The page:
With Valentine’s Day just around the corner, this week Lucy is making a romantic baked treat to woo the one, or ones, you love.
When I was growing up, oh so long ago, my parents friends owned a patisserie. They sold a huge selection of 70’s style cakes and buns and I loved it. Whenever we were dragged into town, the trip was made mildly more bearable by a visit to the cake shop. Despite all the choice available to me I invariably chose a Sticky Bun. So simple, almost just a sweet bread roll finger, iced in white glacé icing, nothing fancy. So, to show your love to whoever you like this Valentine’s Day, why not make a batch of pink iced Sticky Buns as a sign of your affection.
I often see yeast based recipes as a bit of a challenge, however, this recipe based on one by the blue eyed boy himself, Paul Hollywood, is super simple and doesn’t drag on all day. I didn’t even use a stand mixer with the dough hook as I find the best results with bread making are when you use your hands. Also, I felt I had burnt off sufficient calories with all the kneading to justify eating several of the finished buns. To keep in the festive Valentine’s Day spirits I iced my buns in pink, but you decide if you would prefer to stick to the old school white or go totally off piste with purple. These are best eaten on the day, which is no real hardship, as the icing turns a bit wet on day 2 but they do still taste amazing.
I would so fall in love and want to spend the rest of my life with someone who presented me with 12 pink iced Sticky Buns and I don’t care if that makes me sound easily bought. Once you have tasted these, I am sure you will agree and there will be no further judging. Happy Valentine’s Day for next week.
This recipe will feature on Lucy Loves later this week.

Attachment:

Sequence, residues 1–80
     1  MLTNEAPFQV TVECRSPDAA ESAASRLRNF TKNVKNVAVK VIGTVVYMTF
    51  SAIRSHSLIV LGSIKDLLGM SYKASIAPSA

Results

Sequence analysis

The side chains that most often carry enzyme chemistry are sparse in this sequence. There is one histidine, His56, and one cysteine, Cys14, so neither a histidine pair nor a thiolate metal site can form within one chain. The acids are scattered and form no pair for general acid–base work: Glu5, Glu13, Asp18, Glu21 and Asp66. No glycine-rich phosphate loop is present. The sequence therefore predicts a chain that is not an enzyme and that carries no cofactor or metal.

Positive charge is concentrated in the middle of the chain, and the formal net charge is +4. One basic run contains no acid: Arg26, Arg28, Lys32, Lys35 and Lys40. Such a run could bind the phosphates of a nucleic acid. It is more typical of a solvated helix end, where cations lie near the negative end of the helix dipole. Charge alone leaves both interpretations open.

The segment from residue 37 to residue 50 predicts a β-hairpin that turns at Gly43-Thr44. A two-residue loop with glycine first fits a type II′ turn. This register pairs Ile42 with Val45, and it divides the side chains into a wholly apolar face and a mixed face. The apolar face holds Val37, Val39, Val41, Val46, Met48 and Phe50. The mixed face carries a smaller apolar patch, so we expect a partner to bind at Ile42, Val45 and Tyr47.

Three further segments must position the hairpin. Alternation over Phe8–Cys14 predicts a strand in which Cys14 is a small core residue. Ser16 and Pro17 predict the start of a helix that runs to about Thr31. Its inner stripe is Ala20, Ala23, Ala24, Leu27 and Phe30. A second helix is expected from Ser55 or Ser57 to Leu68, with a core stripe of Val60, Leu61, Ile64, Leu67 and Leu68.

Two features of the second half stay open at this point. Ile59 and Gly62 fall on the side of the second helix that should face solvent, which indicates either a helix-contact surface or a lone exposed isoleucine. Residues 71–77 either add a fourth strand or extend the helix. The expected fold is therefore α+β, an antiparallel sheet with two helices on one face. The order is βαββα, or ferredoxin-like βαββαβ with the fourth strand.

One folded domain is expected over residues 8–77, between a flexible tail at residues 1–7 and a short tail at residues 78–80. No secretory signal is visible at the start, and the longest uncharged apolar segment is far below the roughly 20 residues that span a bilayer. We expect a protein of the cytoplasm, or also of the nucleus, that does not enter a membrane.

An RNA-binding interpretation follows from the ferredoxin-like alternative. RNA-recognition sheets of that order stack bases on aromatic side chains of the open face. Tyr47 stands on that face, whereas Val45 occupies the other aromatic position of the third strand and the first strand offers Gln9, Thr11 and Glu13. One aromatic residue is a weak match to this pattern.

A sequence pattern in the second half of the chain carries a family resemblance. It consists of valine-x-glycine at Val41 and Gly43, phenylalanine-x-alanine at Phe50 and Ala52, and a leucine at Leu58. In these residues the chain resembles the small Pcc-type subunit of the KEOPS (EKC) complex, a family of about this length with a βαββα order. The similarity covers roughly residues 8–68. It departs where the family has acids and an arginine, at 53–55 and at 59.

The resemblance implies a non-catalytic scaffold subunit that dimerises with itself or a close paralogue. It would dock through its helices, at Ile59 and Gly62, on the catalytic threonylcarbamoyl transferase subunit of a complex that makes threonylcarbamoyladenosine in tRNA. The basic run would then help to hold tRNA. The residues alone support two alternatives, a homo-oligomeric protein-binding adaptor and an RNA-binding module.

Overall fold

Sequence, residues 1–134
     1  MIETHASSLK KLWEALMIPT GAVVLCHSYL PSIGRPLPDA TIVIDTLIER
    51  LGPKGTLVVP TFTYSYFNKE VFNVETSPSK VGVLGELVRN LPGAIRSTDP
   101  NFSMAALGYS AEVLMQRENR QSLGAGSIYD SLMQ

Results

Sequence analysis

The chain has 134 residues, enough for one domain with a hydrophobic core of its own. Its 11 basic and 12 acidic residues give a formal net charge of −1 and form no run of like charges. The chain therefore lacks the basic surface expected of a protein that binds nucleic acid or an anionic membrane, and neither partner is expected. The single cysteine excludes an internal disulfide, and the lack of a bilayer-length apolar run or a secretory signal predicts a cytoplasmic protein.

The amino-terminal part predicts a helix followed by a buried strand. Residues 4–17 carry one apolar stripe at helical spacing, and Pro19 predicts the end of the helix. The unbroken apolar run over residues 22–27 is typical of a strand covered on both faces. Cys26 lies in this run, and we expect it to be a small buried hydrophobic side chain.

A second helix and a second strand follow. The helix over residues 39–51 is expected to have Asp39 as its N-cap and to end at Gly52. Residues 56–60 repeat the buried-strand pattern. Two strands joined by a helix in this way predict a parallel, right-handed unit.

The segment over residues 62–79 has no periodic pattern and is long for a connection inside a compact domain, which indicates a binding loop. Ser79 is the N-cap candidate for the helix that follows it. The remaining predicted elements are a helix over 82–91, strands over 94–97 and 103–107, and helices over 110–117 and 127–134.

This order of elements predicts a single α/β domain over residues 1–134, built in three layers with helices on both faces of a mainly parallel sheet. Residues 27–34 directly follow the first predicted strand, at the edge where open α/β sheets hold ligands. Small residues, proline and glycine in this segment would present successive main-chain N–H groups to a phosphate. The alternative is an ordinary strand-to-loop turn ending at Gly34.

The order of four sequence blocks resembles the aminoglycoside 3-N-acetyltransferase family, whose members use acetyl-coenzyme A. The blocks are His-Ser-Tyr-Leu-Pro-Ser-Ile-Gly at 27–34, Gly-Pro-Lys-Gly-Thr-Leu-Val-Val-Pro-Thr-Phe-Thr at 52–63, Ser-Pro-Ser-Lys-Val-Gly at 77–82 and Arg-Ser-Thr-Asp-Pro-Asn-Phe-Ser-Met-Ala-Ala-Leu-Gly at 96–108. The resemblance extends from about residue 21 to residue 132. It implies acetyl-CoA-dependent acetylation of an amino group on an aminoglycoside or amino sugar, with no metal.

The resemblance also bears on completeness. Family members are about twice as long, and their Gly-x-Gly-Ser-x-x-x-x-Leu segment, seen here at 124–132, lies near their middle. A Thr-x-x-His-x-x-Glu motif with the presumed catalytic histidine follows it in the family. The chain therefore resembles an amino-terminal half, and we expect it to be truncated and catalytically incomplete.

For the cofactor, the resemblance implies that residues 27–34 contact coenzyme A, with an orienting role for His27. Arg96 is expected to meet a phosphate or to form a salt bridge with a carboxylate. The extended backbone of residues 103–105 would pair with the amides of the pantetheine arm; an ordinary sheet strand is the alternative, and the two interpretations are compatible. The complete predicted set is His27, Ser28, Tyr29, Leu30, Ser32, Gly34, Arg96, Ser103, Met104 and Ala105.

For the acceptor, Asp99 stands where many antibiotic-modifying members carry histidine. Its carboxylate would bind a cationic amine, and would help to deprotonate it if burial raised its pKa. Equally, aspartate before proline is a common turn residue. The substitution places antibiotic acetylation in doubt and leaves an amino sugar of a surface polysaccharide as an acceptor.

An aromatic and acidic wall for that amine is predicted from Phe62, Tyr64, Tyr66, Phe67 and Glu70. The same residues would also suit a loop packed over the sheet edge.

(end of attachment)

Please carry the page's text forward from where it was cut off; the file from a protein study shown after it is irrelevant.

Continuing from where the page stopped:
Iced Sticky Buns Recipe
Makes 12 lovely sized buns
You won’t need any challenging equipment, just a buttered rectangular baking tray
- 500g strong white bread flour
- 50g caster sugar
- 40g butter, softened
- 2 eggs
- 2 x 7g sachets instant yeast
- 2 teaspoons salt
- 150ml warm milk
- 140ml water
- 200g icing sugar
- 5 (or more) teaspoons water
- Food colouring of your choice. I used Pink gel colour
Take a large bowl and add all the ingredients except 50ml of the water. Mix to a very soft dough, add the rest of the water, and knead in the bowl to bring together for 4 minutes. The dough will be super wet and sticky at this stage.
Lightly flour a work surface then tip the slightly wet and shaggy dough out and knead for a further 10 minutes. Add more flour if it sticks, but not loads as you want the dough to be quite soft. The dough will be ready once it has become less sticky and more elastic.
Put in a buttered/oiled bowl and leave, covered, in a warm place for an hour. In this time the dough should have doubled in size.
When the rising time is up, tip the dough out of the bowl and knock the air out of it with another quick knead on a floured surface. Weigh your dough and divide by 12 and weigh out 12 individual balls. Mine was around 970g so I made 12 x 80g balls. No need to be too precise, just do your best. Roll each ball into a sausage shape around 10cm long, and lay side by side in a buttered/oiled rectangular baking tray – Swiss Roll size would be good here.
Once you have rolled all the dough into fingers, place a tea towel over the tin and return to a warm place for a final 45 minute rise. The buns will have risen again and will be stuck together, which is fine.
Pre heat your oven to 180 degrees fan assisted. Place the risen finger buns into the oven and cook for around ten minutes. Keep an eye on them as you may need to turn the tin around in the oven so they cook evenly.
Once the buns are golden and smelling divine, remove from the oven and separate into individual buns once they are cool and place on a wire rack.
For the icing, mix enough water to your icing sugar to allow for a thickish icing consistency. Add the food colouring of your preference and mix evenly. Spoon on a generous teaspoon of icing onto each bun and allow to set back on the rack.
These are best eaten and look at their best on the day of making, however, they still taste pretty good the day after if you have any left.